The Cameri Theatre will premiere The Tank, a play written by Yoav Shoten-Goshen and Irad Rubinstein, based on the novel of the same name by Assaf Inbari. Directed by Irad Rubinstein, the play is about five men with memories and stories of the War of Independence of 1948. Each of these five men, whom Rubinstein describes as representing “five different threads in this rope we call the Israeli story”, believes and claims that he was the one to stop the Syrian tank from entering Kibbutz Degania and save the day. Their belief is sincere, and the story has accompanied them over the years, impacting the trajectory of each man’s life. The play looks at these men twenty-five years after that crucial moment, during the Yom Kippur War, a time when many myths were shattered.
The Cameri presented one of these stories this morning, in the rehearsal room, without the benefit of a set or wings. Although those elements contribute to the magic of the theatre, the scene presented this morning was so powerful that I did not feel that anything was lacking, so riveted was I by the actor’s performance. Yoav Levi portrays a kibbutz member who sees his moment of glory in battle as a guide for life and is intent on passing the legacy on to his teenage son Shabi, portrayed by Dolev Ohana. Yet he is also very proud of his son’s achievements in chess tournaments. The text is so precise and grounded in experience – the language, relationships and culture of Israel in general, and the micro-culture of the military. The characters are well-drawn and both actors embody them so entirely and naturally, conveying the essence of the father-son relationship in just one brief scene. Then, as the next scene takes place several years later, Ohana sheds the awkwardness of youth, for the confidence of a young man; while Levi, as the father, goes through significant changes of his own.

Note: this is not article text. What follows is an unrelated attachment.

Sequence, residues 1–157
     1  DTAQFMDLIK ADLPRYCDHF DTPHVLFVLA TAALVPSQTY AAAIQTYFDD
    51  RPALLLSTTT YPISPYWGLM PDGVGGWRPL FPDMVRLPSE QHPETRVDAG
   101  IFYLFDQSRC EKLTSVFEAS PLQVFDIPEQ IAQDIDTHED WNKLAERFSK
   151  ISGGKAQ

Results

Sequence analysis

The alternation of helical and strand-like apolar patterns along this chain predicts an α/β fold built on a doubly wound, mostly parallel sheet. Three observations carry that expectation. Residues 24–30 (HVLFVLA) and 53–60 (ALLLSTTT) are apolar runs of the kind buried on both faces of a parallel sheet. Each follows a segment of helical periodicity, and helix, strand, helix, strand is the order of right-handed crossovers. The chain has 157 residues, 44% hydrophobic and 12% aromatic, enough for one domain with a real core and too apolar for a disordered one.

Most striking to me was the fact that despite the absence of a set, the play has a very strong physicality that conveys the experiences depicted in a very visceral way, communicating with the audience through sensory association. For example, the shoes and legs of the father, his wife, and their son were covered in mud. As this was just an excerpt from a play that is still officially in rehearsal, I won’t attempt to interpret, yet this kind of visual information sends the mind on journeys of association.
The Tank tells a quintessentially Israeli story. Yet it also reflects on more general issues of identity, memory, and the stories that shape our lives. The scenes I saw this morning were suspenseful, moving, and thought-provoking – I’m looking forward to seeing more.
The Tank will premiere at the Cameri Theatre on February 18, 2022.
Additional information may be found on the Cameri Theatre website. https://www.cameri.co.il/eng
By Yoav Shoten-Goshen and Irad Rubinstein, based on the novel The Tank by Assaf Inbari
Director: Irad Rubinstein; Cast: Micha Selektar, Nadav Asulin, Yoav Levi, Dudu Niv, Simha Barbiro, Moran Arviv Gance, Sean Mongoza, Tal Weiss, Dolev Ohana, Gal Seri.